The Orlando Chapter 13 bankruptcy court has established a new program for helping those who are drowning in student loan debt. Student loans represent a special debt problem, because once you take out a student loan, very few things can be done to keep you from paying it back. You are required to repay your loans, and you cannot claim that you have no responsibility to repay your loan. It is only in very rare circumstances that permit your loans to be forgiven, cancelled, or possibly discharged in a chapter 7 or chapter 13 bankruptcy.
The new program helps students get back on track by setting up payment plans with their student loan lenders. The plan can extend for as long as five years. The benefit of this program is to get the student loan out of default status so that default penalties and interest can be brought under control. Monthly payments are made as part of a Chapter 13 bankruptcy plan.
Often, we see that Student loan debt causes other forms of financial distress, like credit card debt, repossessions, missed mortgage payments and bad credit. Chapter 13 bankruptcy has solutions for these problems too and helps our clients get their financial life under control.
Without a repayment plan, your options for eliminating the student loan debt are very limited. You could be eligible for discharge of your federal student loans based on Borrower defense to Repayment. If you were misled into taking out loans by the college, or the school was engaged in any misconduct in violation of state laws, it may be possible to dispute payment of the loans.
Currently, more than 4 million borrowers have defaulted on student loans, and student loans are among a handful of debts (including child support, alimony, tax obligations, fines, and fraudulent debt) that cannot be discharged in either a chapter 7 or a chapter 13 bankruptcy, except in very rare cases.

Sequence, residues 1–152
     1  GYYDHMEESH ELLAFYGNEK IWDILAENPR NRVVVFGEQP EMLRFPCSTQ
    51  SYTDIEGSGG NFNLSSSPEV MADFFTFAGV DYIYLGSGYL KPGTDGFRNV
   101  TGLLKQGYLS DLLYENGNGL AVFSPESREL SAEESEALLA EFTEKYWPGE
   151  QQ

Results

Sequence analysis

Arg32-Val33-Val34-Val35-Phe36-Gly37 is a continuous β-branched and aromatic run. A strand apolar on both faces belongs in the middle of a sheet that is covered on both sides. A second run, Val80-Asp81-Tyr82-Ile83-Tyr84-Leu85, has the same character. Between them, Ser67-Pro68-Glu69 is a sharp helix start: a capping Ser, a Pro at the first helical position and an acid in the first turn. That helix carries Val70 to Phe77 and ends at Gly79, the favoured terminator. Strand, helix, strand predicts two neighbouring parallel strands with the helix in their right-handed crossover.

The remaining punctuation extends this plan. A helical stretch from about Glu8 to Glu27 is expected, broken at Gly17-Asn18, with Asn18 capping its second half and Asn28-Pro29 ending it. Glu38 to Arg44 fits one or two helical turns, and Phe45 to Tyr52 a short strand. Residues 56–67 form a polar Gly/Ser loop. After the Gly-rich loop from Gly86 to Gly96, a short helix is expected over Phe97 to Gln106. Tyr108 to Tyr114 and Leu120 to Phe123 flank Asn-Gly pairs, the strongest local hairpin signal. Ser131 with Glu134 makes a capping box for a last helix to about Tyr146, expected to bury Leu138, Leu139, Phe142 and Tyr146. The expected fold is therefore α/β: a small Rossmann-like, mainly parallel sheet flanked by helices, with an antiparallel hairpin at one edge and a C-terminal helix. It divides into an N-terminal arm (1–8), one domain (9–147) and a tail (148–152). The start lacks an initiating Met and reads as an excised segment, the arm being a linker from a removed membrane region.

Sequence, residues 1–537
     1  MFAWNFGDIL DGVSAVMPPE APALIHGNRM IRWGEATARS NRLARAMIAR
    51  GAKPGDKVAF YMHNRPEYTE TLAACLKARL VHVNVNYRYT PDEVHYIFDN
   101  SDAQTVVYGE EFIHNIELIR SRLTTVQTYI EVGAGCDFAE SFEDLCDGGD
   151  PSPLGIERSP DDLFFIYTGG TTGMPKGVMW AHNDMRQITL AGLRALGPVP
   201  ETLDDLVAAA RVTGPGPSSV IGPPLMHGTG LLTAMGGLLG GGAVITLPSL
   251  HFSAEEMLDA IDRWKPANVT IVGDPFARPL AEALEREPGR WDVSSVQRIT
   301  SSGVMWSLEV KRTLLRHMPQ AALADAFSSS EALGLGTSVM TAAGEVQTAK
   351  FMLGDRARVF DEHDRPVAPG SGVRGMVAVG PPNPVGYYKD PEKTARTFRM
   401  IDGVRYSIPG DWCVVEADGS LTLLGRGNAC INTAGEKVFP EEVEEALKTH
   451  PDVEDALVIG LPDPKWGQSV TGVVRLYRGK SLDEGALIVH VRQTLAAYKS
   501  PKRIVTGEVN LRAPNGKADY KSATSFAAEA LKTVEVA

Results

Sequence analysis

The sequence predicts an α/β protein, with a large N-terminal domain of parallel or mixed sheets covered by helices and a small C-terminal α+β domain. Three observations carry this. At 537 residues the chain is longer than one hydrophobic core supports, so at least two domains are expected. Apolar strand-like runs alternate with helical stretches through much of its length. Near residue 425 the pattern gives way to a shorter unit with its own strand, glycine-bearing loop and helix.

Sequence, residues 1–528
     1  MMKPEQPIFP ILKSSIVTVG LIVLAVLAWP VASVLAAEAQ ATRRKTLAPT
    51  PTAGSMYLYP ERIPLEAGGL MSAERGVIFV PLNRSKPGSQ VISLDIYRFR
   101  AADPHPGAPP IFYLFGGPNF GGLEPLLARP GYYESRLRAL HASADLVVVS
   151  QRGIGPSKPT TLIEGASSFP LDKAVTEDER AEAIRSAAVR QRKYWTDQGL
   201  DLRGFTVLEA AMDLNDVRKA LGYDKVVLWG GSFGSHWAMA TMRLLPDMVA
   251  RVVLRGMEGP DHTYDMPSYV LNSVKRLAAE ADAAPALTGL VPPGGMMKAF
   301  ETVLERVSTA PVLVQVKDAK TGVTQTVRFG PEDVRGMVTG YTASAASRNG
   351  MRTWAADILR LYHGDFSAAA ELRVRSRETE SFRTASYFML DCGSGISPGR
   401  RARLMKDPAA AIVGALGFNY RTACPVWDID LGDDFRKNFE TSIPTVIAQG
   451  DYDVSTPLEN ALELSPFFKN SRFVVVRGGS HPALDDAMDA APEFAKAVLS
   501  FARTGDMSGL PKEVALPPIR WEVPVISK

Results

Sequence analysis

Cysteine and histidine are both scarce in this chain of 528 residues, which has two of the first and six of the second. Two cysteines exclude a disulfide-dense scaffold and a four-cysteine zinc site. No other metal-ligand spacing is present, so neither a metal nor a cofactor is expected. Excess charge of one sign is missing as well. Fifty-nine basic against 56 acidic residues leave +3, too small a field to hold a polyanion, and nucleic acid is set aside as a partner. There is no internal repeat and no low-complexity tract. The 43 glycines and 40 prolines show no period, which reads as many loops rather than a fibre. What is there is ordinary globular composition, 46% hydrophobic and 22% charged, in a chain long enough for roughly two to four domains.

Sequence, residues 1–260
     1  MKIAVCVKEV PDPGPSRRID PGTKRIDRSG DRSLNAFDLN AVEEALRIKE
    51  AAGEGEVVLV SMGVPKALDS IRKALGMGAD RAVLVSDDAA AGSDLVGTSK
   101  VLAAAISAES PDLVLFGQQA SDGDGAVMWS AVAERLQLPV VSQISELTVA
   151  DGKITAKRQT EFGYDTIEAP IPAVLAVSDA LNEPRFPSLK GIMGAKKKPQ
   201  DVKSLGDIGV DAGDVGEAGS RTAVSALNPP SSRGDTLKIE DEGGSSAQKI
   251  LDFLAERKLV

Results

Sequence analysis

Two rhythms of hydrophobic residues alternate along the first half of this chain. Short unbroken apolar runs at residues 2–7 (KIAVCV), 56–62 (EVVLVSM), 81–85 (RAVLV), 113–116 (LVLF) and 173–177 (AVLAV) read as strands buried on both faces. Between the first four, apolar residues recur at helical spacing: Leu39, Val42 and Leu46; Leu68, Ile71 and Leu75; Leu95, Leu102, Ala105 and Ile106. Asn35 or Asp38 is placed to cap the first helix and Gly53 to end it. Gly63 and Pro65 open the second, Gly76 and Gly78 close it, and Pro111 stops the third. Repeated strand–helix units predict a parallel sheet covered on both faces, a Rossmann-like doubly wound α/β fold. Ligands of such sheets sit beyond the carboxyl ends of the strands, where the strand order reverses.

“The “Hardship Discharge” is very difficult to obtain in the bankruptcy court. These exceptional circumstances are usually based on one of three conditions:
If you are considering bankruptcy, your loans are most likely in default already. The national default level on student loan repayment is approximately 10% and $1.4 trillion to Americas student loan problem. Ignoring your student loan debt is not a good option. The Federal government may collect on your defaulted government held loans, garnish wages, seize tax refunds, rescind portions of social security benefits, and place liens on bank accounts and other property. There is no statute of limitations on federal student loans. You can be pursued by the federal agency that services loans on behalf of the Department of Education. A loan can be transferred to a private collection agency with more fees and collection costs added to the loan balance. If you cannot qualify for a hardship discharge, at least you can get this problem under control by setting up a payment plan to avoid the loan balances growing with the additional of additional penalties, interest, attorney’s fees and collections costs, all of which get added to your loan balance.
If you need assistance with filing for bankruptcy in Florida, call The Badgley Law Group and consult with us on your bankruptcy circumstances. Many student loans can be discharged if it is found to be caused by undue hardship on the borrower or the borrower’s dependents. Meeting the standard of undue hardship can be very difficult without the assistance of an experienced bankruptcy lawyer. Contact The Badgley Law Group at 407-487-4154 and take control of your student loan debt.